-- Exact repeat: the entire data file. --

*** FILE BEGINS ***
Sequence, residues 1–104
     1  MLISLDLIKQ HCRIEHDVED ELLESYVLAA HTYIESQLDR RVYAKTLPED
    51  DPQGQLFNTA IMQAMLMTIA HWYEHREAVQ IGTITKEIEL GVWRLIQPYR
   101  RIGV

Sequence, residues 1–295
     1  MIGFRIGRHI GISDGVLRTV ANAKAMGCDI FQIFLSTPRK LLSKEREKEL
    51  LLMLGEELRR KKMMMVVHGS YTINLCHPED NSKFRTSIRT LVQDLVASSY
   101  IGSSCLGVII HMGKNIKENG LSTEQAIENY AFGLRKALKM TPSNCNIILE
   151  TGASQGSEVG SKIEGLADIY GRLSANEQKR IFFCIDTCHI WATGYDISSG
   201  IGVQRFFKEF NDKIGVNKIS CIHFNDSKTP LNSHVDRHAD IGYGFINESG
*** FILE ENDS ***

Sequence, residues 1–104
     1  MLISLDLIKQ HCRIEHDVED ELLESYVLAA HTYIESQLDR RVYAKTLPED
    51  DPQGQLFNTA IMQAMLMTIA HWYEHREAVQ IGTITKEIEL GVWRLIQPYR
   101  RIGV

Sequence, residues 1–295
     1  MIGFRIGRHI GISDGVLRTV ANAKAMGCDI FQIFLSTPRK LLSKEREKEL
    51  LLMLGEELRR KKMMMVVHGS YTINLCHPED NSKFRTSIRT LVQDLVASSY
   101  IGSSCLGVII HMGKNIKENG LSTEQAIENY AFGLRKALKM TPSNCNIILE
   151  TGASQGSEVG SKIEGLADIY GRLSANEQKR IFFCIDTCHI WATGYDISSG
   201  IGVQRFFKEF NDKIGVNKIS CIHFNDSKTP LNSHVDRHAD IGYGFINESG